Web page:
“Welcome Home, Jenny Sutter,” which continues through Saturday, premiered at the Oregon Shakespeare Festival in 2008. Fresno State director Kathleen McKinley deserves kudos simply for getting such a current work onstage. In today’s world of 24-hour news cycles and immediate blog postings, it’s tempting to think of theater as quaint in terms of reaction time to current events. It often takes years for plays to be written and produced, and university theater seasons are often planned long in advance.
It’s a pleasant surprise, then, that this drama about a woman soldier coming home from the Iraq War with a devastating injury has a ripped-from-the-headlines feel to it.
Of course, the war in Iraq has been going on for many years now, alas, so perhaps part of my reaction reflects an unwillingness to believe that it’s gone on for as long as it has.
What I like best about Julie Marie Myatt’s play is the nonsentimental — and occasionally brusque — way that the playwright dives into issues related to the homecoming. Rather than setting “Jenny Sutter” in a traditional family environment, with the wounded soldier returning to the cocoonlike atmosphere of a doting (or dysfunctional) family, Myatt pitches her title character into a more noncommital setting: an itinerant community named Slab City in which various people, many down on their luck, form their own bonds.
It’s as if Jenny (Kelsey Oliver), who lost her leg in the war, is given a buffer zone of sorts after she’s discharged from the U.S. Marine Corps — which allows for a more relaxed, playful vibe even as she confronts some pretty heavy issues.
Jenny can’t face returning home to her children, and instead in a filthy bus station connects with a perky drifter, Louise (Kelsey Deroian). Louise urges Jenny to follow her to Slab City in the California desert. There Jenny casts tentative roots and meets a motley assortment of characters, most of whom have their own difficulties integrating seamlessly into society.
The play is actually strongest — and most intriguing — when it comes to these supporting characters. Top of the list is Deroian’s scrappy portrayal of Louise, a restless and amusing woman who tries to quit her many addictions (smoking, sex, gambling, booze, you name it) even as she resists personal commitment. She’s matched by a stirring, powerful performance from Matthew McGee as Buddy, a self-proclaimed preacher who offers impromptu sermons and forges a somewhat reluctant bond with Louise. McGee finds an impressive strength in his slight and battered character, and his monologues are superb.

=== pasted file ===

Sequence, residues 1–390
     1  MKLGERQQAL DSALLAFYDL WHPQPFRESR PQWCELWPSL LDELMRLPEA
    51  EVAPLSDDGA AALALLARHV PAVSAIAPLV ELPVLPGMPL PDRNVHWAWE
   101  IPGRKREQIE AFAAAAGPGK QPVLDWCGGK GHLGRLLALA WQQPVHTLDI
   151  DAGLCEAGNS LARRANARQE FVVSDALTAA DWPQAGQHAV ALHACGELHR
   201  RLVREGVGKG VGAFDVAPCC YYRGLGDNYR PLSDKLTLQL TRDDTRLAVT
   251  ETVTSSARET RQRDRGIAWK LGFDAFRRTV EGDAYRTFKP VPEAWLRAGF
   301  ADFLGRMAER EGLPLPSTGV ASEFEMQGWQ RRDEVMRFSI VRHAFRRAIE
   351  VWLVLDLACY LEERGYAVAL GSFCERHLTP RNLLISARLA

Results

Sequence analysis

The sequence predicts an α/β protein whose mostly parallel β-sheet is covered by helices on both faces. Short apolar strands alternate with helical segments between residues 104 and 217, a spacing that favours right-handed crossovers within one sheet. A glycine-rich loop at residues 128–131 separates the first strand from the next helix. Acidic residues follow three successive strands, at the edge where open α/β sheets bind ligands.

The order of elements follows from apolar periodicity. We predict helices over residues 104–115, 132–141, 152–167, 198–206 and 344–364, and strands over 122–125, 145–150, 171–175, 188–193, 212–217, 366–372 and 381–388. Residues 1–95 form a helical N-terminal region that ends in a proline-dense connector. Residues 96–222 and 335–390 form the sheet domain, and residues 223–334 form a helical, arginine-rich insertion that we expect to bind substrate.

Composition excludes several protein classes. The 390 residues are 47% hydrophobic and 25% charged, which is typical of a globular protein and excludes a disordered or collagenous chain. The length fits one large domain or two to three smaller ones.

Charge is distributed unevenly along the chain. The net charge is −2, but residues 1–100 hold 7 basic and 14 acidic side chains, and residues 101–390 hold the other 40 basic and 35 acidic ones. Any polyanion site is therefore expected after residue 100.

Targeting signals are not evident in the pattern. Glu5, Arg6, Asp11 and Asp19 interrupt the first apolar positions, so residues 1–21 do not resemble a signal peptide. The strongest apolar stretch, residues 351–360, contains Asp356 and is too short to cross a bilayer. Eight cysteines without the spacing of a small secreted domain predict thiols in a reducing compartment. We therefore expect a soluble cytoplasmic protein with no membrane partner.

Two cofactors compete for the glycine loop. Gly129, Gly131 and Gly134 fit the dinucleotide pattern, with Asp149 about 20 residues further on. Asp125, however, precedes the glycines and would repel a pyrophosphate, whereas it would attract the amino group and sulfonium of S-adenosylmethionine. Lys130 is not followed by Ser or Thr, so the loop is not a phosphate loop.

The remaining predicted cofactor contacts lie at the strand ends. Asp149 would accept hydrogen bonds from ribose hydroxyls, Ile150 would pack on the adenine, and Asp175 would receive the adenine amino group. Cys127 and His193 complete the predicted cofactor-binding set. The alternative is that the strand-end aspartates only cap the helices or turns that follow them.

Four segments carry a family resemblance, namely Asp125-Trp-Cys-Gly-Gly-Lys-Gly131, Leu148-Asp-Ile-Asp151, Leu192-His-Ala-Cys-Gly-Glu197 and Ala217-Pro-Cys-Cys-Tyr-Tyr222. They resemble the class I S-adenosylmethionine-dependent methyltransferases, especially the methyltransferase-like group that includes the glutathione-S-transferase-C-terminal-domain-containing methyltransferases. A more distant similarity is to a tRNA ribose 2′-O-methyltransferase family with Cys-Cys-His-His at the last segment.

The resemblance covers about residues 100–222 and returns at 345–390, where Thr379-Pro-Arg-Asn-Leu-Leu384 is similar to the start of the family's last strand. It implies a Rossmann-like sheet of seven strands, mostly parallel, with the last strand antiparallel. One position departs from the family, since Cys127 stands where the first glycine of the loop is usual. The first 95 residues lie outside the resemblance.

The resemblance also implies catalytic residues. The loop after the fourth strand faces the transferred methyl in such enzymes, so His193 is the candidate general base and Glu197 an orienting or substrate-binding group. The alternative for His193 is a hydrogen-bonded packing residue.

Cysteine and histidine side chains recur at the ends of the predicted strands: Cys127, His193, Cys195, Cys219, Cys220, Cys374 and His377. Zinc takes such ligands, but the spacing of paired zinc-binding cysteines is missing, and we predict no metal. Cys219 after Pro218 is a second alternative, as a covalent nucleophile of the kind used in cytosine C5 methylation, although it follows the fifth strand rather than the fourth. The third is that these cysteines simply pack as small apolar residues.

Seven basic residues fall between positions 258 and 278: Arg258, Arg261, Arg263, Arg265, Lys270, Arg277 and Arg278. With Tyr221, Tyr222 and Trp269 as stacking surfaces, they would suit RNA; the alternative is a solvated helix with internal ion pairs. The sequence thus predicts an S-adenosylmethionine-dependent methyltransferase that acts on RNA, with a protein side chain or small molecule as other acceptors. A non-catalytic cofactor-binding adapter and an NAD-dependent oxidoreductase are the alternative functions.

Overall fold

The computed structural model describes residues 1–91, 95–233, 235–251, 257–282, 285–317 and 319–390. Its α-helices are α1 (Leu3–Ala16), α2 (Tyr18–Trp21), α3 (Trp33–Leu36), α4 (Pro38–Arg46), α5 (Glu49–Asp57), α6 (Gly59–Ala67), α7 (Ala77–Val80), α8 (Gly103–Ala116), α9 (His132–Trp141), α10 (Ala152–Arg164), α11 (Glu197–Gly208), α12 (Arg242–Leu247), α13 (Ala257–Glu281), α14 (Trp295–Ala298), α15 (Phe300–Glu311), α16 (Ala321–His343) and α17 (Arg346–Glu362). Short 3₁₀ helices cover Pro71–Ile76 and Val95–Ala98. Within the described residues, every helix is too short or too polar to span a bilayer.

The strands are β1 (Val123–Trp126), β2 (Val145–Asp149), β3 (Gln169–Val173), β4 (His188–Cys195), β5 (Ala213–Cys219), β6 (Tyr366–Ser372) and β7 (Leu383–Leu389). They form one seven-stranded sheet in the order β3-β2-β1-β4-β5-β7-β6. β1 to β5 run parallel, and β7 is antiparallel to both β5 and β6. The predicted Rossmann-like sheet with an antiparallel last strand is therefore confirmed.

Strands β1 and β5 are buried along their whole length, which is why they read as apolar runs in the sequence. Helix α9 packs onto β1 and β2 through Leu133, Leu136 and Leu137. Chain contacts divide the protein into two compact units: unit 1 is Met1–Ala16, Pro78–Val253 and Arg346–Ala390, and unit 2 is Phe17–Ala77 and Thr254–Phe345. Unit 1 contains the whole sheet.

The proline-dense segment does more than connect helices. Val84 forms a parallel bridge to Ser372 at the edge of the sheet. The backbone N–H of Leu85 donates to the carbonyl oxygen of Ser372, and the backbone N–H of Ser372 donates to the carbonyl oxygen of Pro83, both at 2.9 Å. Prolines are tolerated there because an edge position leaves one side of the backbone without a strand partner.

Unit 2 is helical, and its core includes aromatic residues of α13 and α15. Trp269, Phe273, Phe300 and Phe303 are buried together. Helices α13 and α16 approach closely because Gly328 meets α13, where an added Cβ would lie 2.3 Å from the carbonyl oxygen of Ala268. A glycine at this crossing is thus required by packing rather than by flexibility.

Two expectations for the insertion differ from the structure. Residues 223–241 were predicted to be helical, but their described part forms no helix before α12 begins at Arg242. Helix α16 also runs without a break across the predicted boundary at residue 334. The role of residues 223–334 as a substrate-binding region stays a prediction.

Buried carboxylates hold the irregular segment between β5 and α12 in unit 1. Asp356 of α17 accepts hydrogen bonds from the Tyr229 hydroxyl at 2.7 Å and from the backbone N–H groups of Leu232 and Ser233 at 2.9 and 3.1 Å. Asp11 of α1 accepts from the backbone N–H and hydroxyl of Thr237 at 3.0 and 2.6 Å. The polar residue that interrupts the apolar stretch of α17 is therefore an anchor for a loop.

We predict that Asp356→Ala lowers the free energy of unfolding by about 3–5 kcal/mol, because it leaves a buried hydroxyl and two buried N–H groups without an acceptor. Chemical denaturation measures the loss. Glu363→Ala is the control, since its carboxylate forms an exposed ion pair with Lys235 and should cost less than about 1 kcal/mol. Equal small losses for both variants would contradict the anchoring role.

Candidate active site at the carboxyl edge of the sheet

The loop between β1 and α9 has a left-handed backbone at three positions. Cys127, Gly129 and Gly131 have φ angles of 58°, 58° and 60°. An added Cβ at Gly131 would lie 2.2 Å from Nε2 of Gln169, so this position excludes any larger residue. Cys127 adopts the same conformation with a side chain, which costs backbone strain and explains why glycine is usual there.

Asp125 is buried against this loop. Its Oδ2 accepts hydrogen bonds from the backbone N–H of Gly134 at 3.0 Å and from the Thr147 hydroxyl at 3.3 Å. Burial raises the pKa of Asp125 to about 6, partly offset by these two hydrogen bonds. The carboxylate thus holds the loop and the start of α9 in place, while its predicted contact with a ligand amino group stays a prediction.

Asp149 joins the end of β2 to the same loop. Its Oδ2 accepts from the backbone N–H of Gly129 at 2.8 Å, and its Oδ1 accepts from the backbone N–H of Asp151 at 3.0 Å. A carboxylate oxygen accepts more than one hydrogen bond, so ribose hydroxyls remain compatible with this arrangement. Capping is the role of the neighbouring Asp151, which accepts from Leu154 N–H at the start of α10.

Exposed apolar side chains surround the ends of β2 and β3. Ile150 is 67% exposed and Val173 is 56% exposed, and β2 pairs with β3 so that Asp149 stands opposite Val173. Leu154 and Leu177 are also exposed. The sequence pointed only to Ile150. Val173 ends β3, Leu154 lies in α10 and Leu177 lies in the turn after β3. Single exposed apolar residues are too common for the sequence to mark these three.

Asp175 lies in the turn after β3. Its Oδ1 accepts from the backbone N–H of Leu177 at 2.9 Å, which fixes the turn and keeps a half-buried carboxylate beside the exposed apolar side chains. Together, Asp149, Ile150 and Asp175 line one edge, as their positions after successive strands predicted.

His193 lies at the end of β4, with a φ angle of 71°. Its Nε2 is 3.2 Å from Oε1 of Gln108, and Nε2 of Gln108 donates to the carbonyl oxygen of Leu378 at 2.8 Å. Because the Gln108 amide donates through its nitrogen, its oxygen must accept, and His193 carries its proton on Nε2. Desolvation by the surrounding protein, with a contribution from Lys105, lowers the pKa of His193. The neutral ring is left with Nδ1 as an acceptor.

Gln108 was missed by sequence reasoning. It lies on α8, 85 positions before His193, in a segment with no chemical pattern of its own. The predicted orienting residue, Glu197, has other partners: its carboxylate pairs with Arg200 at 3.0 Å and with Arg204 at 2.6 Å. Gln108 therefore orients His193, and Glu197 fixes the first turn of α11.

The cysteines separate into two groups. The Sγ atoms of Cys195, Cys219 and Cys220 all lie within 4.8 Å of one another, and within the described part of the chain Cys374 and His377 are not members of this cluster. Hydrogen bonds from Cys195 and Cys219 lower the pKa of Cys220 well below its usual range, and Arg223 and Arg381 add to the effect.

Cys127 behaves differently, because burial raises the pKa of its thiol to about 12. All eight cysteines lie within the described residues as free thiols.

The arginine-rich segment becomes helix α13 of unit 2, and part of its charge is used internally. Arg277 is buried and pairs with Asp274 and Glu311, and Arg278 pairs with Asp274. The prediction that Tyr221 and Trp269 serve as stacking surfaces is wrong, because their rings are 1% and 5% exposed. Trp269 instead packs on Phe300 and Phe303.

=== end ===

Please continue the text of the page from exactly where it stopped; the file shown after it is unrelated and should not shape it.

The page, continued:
Bryce Earp offers a sharp, stern turn as Donald, a self-described loner who allows himself to be just a little rattled by Jenny’s emphatic brooding.
Jenny’s storyline, and the character itself, is a challenge. So much of her story calls for her to be in sullen reactive mode, and Oliver struggles at times trying to get out of her character’s hard shell. It’s a tremendously difficult, non-showy role. There are weaknesses in the writing, acting and direction of the title character, which dilutes the play’s ultimate impact. But there are also moments when you can slip through Oliver’s brusque delivery and connect with the ache beneath.
McKinley crafts seamless transitions between scenes. Gwenna Merriman’s understated scenic design helps capture the slight nature of the itinerant camp, and Stephanie Bradshaw’s tired, understated costumes seem to perfectly match the characters — high praise indeed. Izzy Einsidler’s lighting and sound design takes us from the flash of battle to the quiet of the faraway desert. Sometimes, the playwright seems to suggest, the real life-and-death decisions get made not on the battlefield but on that desert.